Sherry Inhabiting Red (after Helena), image by Robert Kittila, 2016
I asked photographer Robert Kittila to take the above image of me last September when I was preparing to go to Portugal to study Portuguese conceptualist Helena Almeida’s work and make my own work at the Obras Foundation. This image was part of my process of embodying Helena Almeida, I just recently “painted” the red in Photoshop. Almeida inspired me to use myself as the subject in my own artwork and this has engendered a deeply personal process for me, and in fact has led me away from Almeida’s methods to discover my own methods. Below is the image of Helena Almeida’s that I was imitating with her signature blue paint.
Inhabited Painting, 1977, Helena Almeida, photograph with acrylic paint
My journey to Portugal last fall and the work I accomplished there has taken on a dreamlike and mythical significance for me. I love the work I accomplished in the studio at Obras using my own body in actions and performances with the red and black and white cloth constructions and environments. While working at Obras, I was also drawn into the beautiful surrounding landscape and environment. This broke me away from Almeida’s way of working. Her magnificent body of work of the last 40 years has been almost entirely enacted in her studio or in interior spaces. Nature, landscape and architecture has been part of my art and life from my early days making site-specific sculptures – so finding this mystical landscape in Portugal was a return of sorts for me. I am currently sorting through the images I took last fall and those that photographer Luis Branco took of me in various beautiful environments near the Obras Foundation and the nearby medieval fortress at Evoramonte. I am preparing for my next series of works in Portugal. I will be returning to Portugal in October (October 14th to November 14th) for a month’s residency at the Obras Foundation to complete this project.
There is a stark and mystical quality to this area of Portugal – with it’s ancient groves, magic stones, medieval castles, roaming sheep, and sacred mountains. The sorting and sketching (in red and black) process I have been doing is like analyzing and revealing a long and lucid dream. There is a very feminine and sensuous aspect to these environs and to my images and actions within them. A narrative is developing – a mythical passage of sorts. I have already begun this course and now I am compelled to finish it – though I am not exactly sure of its outcome or direction. It will take form on top of the mountain at Evoramonte and in the high tower there as well as in the valleys and groves below that I am returning to.
on Evoramonte mountain with black, image by Luis Branco
“Black is primary to many forms of transformation, the imaginal hue of individual metanoia, a turning away, or a turning inward, or even a “dark night of the soul,” the luminous darkness of self-understanding. In the alchemical opus black signifies the eclipse of familiar patterns of identity and meaning. The nigredo is a state of disorientation, exhaustion, self-doubt, depression, inertia, confusion, and disjunction. Yet, the alchemists found the nigredo not cause for dismay, but for rejoicing; it expressed conjunction with psyche’s illimitable, teeming potential in which could be conceived the golden embryo of self.”– (Ronnberg, Ami ed. The Book of Symbols – Reflections on Archetypal Images, Taschen, 2010. pg. 658)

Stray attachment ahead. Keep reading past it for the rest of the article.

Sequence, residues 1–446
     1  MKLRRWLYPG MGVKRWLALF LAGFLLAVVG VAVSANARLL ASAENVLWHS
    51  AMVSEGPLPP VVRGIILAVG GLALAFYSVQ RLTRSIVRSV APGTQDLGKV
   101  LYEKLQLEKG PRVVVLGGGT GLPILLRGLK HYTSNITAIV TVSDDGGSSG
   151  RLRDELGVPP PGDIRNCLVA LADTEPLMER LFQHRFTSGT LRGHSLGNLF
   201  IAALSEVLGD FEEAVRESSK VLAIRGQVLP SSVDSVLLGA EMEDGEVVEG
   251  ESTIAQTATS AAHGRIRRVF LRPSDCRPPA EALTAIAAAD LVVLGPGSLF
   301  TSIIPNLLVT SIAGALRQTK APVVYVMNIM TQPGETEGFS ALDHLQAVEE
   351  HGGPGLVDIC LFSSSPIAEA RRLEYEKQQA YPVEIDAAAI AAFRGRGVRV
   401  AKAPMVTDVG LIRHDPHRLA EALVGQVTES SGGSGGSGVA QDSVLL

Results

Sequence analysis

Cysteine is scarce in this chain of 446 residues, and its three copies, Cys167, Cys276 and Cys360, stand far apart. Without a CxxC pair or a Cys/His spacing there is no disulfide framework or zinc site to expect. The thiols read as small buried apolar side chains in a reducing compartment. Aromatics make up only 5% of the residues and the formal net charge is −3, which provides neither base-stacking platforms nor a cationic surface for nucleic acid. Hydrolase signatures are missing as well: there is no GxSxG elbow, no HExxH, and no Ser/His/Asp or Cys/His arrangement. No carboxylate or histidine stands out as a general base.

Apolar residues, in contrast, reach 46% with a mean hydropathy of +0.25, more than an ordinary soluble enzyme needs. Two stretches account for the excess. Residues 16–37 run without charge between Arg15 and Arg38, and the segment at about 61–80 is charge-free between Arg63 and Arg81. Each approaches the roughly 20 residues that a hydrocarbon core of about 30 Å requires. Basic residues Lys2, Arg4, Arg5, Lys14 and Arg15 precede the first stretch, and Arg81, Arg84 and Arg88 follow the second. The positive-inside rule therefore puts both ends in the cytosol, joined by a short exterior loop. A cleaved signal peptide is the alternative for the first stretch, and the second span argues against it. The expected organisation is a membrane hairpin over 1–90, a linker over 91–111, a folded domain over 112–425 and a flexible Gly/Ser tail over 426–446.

I am continuing to make preparatory sketches in Photoshop for this new series and posted a few of them here as well as in my last blog post – “Sketches from Portugal.” For this new series I will use red and black paint on the black and white images and I will also install large swathes of red and black cloth on my body, in the landscape, in gateways and in the shadows of the trees, etc. and photograph these actions and installations. I am not sure which method is more effective, the paint or the cloth, so I will do both and figure it out as I go. For now I am sketching in Photoshop with black and red “paint.”
at the gate of the Evoramonte Fortress with red, image by Luis Branco
“In many cultures, red is associated with fiery intensity, ardor, daring, bravery, which can move into fury and cruelty. This aspect of red is expressed in African symbolism both by the color and by the idea of nyama, the potential force in all things and the bodies of all beings, especially in the blood. This potent energy fills witnesses with both wonder and fear. And to the alchemists, rubedo or reddening was the last stage of the long process of making gold or, psychologically, integrating the personality. It meant nothing less then bringing spiritual realization into full-blooded reality, lived out fully in everyday life.”(Ronnberg, Ami ed. The Book of Symbols – Reflections on Archetypal Images, Taschen, 2010. pg. 640)
I am imagining and developing a narrative for this new series (in red and black) that I hope to accomplish next month in Portugal with the help of photographers Luis Branco and Rui Fernandes, and with the support of Ludger van der Eerden and Carolien van der Laan of the Obras Foundation. I have found a loose and fruitful relationship with the ancient Greek mythical figure of Psyche. Psyche accomplishes a series of tests and tasks in the Myth of Psyche and Eros – many of which I have found to be similar with my own experiences. There are sacred mountains, black rivers, plunging valleys, many obstacles, as well as talking towers and helpful eagles in Psyche’s journey– which all correspond to the Portugal of my imagination and my experience. I am very excited (and a little afraid) to be going back to Portugal to enact this dreamlike narrative.
on the top of Evoramonte tower with red, image by Luis Branco